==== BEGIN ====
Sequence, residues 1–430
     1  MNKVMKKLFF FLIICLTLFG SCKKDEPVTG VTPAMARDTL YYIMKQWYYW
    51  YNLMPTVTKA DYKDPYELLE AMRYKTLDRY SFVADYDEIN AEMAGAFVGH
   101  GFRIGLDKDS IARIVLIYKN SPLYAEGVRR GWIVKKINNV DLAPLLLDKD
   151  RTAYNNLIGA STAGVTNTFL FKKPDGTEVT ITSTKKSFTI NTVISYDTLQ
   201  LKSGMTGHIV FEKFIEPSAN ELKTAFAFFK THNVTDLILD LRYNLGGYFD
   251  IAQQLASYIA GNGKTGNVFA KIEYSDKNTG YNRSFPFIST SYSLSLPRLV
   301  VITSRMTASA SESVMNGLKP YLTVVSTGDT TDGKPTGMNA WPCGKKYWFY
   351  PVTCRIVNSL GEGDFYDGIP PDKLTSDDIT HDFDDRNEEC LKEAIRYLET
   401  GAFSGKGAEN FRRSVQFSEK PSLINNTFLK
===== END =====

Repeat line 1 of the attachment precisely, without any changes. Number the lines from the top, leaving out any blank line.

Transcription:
Sequence, residues 1–430